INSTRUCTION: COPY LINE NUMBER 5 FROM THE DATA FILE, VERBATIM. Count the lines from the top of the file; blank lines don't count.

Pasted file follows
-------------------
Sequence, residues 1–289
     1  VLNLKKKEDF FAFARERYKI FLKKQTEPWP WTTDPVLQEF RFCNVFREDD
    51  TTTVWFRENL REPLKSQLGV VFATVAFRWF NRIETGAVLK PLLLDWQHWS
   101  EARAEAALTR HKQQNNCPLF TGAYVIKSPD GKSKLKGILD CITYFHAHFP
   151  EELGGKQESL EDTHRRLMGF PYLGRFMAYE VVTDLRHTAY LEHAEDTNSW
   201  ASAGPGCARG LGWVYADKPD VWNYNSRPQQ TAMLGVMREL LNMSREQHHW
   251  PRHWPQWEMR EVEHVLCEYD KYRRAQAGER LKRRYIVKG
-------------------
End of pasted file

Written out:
   151  EELGGKQESL EDTHRRLMGF PYLGRFMAYE VVTDLRHTAY LEHAEDTNSW